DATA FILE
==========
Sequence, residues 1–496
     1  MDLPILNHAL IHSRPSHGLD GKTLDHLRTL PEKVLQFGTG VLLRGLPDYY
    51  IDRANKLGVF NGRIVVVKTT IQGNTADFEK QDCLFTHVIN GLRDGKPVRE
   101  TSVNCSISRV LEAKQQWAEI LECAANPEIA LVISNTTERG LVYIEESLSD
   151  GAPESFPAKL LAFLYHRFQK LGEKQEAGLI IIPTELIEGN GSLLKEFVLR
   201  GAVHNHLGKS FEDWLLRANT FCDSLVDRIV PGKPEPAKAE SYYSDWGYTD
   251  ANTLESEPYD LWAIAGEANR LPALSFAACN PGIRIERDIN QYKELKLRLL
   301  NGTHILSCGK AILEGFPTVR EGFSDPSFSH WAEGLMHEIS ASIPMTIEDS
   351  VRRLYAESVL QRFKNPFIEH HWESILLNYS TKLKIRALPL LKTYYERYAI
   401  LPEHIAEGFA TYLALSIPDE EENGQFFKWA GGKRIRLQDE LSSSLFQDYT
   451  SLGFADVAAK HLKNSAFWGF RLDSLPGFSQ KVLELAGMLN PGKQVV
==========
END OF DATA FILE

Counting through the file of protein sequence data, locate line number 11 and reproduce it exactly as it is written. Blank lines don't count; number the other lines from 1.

   451  SLGFADVAAK HLKNSAFWGF RLDSLPGFSQ KVLELAGMLN PGKQVV